thanks

  5. #5
    Senior Member Shinob1's Avatar
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    Found this, hope it helps. http://www.youtube.com/watch?v=hQwCiYPW1Fg go about 1:30 into the video for the seasoning part.

  6. #6

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    What type of oil did you use? If it is flakey, or sticky at all its no good.

  7. #7
    Senior Member DwarvenChef's Avatar
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    I keep seeing these pans at the store and I always forget to grab one...

  8. #8
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    To avoid sticky oil film, it helps to heat the oil above its smoke point. I just heat the pan with a tablespoon, or more, of oil until it starts smoking. Then I use a wad of paper towels and tongs to wipe the oil around the inside of the pan. you'll start to see a nice black layer developing. here's a video from the wok shop http://www.youtube.com/watch?v=hNPe5-swL-k she accomplishes the same effect but instead of a paper towel she stir fries chives. I've tried the chive method and it works quite well. if you cant find garlic chives, green onion works well too.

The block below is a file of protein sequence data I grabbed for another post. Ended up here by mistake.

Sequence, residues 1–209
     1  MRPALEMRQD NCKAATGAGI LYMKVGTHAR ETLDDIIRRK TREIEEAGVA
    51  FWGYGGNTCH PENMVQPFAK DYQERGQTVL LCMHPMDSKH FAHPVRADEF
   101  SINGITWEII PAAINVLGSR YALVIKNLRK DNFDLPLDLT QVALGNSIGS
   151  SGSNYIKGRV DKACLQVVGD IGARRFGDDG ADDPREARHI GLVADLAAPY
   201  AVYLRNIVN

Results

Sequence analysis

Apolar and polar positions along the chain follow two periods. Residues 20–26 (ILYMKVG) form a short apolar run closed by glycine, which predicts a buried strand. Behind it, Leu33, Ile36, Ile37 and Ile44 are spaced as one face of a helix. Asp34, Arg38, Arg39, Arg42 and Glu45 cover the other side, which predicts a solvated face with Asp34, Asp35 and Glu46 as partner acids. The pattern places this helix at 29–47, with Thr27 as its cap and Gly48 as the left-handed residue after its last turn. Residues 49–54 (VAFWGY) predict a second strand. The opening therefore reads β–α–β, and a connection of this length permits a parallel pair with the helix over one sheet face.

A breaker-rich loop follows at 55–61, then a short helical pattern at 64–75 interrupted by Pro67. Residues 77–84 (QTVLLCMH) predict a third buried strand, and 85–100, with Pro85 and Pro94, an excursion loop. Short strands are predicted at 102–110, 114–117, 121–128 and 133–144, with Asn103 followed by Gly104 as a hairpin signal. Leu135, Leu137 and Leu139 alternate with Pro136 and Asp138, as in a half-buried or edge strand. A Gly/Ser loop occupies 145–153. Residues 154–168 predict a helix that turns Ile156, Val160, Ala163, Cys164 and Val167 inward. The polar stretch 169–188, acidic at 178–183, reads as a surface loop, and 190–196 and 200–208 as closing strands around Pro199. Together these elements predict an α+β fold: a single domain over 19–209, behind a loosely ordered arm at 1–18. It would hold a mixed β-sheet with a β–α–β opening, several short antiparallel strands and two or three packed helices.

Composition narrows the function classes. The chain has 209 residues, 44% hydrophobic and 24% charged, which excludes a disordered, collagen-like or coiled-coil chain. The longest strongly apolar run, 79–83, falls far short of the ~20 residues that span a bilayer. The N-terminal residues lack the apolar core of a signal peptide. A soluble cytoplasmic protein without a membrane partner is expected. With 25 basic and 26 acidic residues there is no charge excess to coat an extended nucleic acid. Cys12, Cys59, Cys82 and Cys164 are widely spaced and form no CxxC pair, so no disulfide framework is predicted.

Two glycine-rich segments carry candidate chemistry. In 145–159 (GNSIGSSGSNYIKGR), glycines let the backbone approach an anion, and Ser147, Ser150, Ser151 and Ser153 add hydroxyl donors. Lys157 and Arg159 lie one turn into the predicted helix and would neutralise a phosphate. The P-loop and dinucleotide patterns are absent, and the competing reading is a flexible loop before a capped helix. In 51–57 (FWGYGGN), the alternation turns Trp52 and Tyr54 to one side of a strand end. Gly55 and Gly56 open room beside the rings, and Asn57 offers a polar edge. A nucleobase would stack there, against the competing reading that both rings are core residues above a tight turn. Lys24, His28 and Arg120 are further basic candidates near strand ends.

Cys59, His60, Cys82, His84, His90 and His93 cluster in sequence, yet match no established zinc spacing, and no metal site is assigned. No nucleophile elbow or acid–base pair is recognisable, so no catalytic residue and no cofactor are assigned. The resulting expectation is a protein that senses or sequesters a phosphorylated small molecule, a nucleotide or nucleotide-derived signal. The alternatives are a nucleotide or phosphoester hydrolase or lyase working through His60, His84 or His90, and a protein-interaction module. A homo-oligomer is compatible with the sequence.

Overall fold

9. #9
    Quote Originally Posted by ptolemy View Post
    I assumed the same. I will start from beginning. I seen that shouls season it at 500f but my crappy oven can't handle it and likely get smoked up. Would few hours at 350 suffice or not hot enough?

    thanks